I first came across Seize the Day when a close friend came round with a CD and said 'take a listen to this, I think you'll like it'. She was right, it was brilliant. A few weeks later I was in London for an anti-GM rally. It was pretty badly organised, with few people attending, though there were some interesting information stalls, and I did meet quite a few interesting people. One of the worst aspects was that many of the stalls were inside the main hall with all the speeches, music and other distractions. Then to cap it all this band started playing, I was just about to cuss them when I thought 'Hey, that's familiar', then I realised it was that brilliant band a friend brought round on CD.
Seize the Day could be categorised as 'folk' and although they do their fair share of folk concerts, to so categorise is to exile them to a ghetto where they don't belong.
Their music is a blend of protest, rock and folk. Their debut album It's your life ... it's our world (Wildwood Acoustic WILDCD 19801) is not just brilliant musically, it has the rare attribute of being well recorded, and if that wasn't enough, the lyrics are brilliant too. Lead vocalist and song writer Shannon Smy rates as one of the best female vocalists around today.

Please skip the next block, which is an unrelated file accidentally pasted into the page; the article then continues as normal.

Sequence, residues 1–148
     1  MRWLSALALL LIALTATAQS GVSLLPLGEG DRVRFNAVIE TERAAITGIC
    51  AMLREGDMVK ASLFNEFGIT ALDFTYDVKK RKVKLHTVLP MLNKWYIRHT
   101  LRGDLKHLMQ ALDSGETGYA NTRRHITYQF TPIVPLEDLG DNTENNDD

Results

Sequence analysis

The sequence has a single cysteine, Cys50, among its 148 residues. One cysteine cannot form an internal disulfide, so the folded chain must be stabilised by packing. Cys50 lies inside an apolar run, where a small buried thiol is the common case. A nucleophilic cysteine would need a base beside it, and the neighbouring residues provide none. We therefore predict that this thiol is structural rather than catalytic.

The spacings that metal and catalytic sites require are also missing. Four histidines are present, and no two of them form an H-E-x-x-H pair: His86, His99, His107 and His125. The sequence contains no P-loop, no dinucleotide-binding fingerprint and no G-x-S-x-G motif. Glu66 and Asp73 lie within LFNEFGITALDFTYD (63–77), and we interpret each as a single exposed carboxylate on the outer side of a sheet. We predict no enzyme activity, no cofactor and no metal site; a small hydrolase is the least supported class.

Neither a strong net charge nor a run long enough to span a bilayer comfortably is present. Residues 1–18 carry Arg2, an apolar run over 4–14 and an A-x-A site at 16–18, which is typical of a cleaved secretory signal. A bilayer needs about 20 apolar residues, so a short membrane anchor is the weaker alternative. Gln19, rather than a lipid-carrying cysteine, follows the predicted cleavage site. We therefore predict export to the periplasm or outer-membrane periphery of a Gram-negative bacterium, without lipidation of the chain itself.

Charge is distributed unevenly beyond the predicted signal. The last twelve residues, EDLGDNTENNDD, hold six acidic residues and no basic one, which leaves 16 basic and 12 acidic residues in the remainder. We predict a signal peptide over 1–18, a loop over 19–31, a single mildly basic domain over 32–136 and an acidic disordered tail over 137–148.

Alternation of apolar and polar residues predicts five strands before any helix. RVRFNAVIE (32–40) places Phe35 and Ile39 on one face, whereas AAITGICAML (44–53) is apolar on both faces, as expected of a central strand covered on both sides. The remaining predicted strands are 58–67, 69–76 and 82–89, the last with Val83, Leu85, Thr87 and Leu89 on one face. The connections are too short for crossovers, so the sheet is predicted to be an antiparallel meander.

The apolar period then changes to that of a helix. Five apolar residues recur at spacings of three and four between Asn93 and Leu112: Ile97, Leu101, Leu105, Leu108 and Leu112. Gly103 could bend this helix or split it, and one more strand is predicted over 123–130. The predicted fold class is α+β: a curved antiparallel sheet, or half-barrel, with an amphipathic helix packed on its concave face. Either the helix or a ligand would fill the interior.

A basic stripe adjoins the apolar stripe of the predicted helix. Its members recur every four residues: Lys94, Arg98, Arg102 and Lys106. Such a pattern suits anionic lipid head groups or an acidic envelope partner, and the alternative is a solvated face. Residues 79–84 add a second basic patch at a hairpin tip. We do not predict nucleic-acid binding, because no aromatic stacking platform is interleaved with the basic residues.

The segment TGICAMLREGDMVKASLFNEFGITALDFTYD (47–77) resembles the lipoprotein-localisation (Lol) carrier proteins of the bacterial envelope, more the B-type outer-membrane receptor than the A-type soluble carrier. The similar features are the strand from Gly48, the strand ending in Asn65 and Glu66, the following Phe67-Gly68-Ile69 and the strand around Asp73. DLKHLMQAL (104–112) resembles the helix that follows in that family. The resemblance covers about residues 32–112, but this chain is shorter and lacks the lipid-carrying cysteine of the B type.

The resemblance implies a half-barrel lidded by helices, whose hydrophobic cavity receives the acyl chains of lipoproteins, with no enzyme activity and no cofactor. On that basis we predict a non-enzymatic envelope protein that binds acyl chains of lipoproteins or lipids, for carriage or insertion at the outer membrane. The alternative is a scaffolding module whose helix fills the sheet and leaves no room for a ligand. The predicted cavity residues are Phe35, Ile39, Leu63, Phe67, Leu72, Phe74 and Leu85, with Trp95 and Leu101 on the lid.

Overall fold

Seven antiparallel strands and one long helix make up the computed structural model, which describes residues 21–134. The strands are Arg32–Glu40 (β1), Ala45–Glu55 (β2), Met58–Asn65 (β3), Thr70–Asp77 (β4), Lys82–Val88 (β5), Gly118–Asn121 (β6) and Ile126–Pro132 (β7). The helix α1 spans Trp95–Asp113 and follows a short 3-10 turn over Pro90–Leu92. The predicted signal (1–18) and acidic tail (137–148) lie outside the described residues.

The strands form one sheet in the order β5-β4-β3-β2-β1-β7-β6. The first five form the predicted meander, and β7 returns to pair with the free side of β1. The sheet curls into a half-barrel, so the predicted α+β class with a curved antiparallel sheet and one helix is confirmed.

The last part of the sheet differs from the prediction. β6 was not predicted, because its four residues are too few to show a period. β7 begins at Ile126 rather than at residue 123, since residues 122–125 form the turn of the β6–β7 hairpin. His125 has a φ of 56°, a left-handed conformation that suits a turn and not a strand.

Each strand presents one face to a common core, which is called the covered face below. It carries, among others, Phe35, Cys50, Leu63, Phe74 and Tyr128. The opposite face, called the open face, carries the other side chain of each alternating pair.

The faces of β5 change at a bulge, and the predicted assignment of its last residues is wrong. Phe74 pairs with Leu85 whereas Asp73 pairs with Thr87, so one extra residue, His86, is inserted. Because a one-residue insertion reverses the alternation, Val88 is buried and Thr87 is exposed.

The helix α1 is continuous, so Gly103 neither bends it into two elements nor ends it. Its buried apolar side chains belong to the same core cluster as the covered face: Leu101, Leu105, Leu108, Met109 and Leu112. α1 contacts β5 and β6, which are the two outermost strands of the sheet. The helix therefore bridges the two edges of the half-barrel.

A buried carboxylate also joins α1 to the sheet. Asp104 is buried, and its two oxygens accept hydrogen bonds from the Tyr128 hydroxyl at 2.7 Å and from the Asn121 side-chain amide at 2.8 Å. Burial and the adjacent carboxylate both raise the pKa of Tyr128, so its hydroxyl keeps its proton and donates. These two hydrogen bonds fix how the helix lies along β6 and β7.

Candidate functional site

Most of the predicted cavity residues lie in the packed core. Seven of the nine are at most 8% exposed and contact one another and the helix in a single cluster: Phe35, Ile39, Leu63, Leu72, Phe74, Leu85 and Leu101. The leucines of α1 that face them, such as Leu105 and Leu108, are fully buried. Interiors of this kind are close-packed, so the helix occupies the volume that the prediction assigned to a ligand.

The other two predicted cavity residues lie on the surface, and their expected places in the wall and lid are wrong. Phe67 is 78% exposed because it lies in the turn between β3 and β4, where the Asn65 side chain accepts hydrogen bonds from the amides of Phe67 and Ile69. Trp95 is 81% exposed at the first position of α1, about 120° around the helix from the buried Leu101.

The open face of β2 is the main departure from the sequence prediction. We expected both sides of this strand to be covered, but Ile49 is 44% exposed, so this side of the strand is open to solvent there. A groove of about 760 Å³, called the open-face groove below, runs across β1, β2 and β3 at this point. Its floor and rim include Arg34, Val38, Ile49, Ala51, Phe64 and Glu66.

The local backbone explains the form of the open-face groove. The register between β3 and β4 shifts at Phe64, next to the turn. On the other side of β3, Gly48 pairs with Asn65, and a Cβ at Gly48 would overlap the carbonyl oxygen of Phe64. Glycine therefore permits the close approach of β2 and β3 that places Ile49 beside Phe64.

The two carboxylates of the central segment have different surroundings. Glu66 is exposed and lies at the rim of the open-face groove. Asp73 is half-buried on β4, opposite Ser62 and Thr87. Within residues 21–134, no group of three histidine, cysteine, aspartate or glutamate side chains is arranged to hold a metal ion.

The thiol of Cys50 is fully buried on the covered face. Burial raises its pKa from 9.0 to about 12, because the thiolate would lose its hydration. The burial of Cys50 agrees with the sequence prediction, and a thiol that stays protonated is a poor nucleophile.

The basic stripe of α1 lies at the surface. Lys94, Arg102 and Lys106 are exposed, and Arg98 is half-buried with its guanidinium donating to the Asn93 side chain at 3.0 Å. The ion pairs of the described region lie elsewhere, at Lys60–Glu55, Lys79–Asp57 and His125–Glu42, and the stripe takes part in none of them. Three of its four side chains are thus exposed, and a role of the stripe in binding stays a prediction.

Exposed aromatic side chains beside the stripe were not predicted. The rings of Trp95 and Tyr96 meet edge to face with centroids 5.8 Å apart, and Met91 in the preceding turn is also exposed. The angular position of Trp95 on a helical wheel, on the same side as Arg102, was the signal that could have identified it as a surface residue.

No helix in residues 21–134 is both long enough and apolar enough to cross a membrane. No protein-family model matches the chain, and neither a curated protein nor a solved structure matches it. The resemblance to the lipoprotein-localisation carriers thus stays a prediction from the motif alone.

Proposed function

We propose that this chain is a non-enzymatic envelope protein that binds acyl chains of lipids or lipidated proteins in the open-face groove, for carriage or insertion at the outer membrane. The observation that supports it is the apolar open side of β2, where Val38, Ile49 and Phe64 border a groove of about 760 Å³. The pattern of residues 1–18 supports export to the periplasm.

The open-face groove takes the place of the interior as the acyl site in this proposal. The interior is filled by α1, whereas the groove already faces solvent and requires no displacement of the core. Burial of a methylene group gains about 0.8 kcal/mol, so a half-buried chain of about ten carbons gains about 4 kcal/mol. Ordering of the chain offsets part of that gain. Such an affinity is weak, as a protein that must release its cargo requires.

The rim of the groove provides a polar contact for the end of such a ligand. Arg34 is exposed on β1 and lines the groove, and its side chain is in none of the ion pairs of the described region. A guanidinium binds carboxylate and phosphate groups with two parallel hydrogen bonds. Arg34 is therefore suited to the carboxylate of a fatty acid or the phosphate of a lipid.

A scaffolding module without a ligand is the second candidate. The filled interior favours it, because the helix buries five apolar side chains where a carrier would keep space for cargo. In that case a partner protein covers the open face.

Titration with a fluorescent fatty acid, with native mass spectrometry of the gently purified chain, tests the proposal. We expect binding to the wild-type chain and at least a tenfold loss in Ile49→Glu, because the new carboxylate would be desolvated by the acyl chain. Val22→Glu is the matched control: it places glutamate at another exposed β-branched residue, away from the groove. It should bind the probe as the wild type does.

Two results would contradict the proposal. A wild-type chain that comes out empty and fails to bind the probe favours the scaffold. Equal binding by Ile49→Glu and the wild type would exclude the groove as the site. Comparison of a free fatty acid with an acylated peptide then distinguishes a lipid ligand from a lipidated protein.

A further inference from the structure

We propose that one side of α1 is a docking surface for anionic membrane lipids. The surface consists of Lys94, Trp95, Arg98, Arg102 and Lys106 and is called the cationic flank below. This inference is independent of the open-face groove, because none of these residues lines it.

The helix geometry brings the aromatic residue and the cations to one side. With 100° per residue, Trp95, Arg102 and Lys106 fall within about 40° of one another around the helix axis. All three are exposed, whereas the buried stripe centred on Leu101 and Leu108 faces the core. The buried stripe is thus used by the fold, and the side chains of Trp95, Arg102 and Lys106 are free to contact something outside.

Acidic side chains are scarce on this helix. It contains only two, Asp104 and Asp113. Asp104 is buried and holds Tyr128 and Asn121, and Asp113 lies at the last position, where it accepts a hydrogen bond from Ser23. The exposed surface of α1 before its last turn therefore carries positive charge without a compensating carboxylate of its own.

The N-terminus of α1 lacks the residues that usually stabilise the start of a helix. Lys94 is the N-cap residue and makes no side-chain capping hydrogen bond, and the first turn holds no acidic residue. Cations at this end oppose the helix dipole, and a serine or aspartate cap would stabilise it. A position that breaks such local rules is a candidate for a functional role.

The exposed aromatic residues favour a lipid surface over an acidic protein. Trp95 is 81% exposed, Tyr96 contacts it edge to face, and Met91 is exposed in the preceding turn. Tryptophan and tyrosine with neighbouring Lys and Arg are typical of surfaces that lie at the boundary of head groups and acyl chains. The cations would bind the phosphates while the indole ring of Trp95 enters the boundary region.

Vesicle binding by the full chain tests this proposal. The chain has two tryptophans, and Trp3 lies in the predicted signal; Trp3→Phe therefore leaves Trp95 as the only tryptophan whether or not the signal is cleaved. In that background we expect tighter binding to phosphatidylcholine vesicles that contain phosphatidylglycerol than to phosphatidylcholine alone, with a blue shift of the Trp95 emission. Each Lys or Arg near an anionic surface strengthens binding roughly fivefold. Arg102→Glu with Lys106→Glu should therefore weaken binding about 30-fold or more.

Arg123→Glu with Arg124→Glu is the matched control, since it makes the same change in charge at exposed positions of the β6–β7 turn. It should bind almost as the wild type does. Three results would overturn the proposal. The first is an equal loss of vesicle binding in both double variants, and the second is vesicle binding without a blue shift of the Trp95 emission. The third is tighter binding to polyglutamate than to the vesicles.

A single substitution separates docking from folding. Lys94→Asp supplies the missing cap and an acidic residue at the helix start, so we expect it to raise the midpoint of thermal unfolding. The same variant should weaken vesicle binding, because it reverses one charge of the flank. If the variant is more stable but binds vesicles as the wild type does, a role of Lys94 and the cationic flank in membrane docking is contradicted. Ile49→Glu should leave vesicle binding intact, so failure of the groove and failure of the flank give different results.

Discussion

Many of their songs are parodies. 'Motorway Song' (Simon) is a parody of a Rolling Stones number, many, like 'Bigger, Better, Brighter' (Simon) and 'Designer Kidz' (Simon) are parodies of old English folk songs. Each song has a story to tell.
Shannon Smy was upset by the atrocities in East Timor and the export of BAe (Beyond All ethics: Still supplying repressive regimes!) Hawk ground attack aircraft to Indonesia. She could have written a letter, not being too good at letters she wrote a song instead, 'With My Hammer ...' (Smy). 'With My Hammer ...' is about greed, the occupation of and atrocities in East Timor, the export of BAe Hawk ground attack aircraft, and the bravery of a few women who made their way into a BAe factory and disabled a Hawk destined for export to Indonesia (and no doubt active service in East Timor). A more detailed account can be found in John Pilger's excellent Hidden Agendas. Recent live performances have added rain sticks to the percussion, making the song even better.
At an animal rights demo to protest and stop the live export of animals a young woman was run over and killed. To date the lorry driver has shown no remorse. Shannon Smy and Theo Simon try to get into his head with 'Only doing my Job' (Simon/Smy).
Jill Phipps was killed on 1st February 1995, crushed to death by a lorry carrying veal calves to Coventry airport. She was part of the campaign to stop the live export trade, in which week old calves are exported to France or Holland where they are reared in the appalling conditions necessary to produce white veal.
Too many of us are persuaded by the constant stream of advertising all around us. The funky 'Better Bullshit Now' (Simon) is an excellent counter to the wall-to-wall advertising.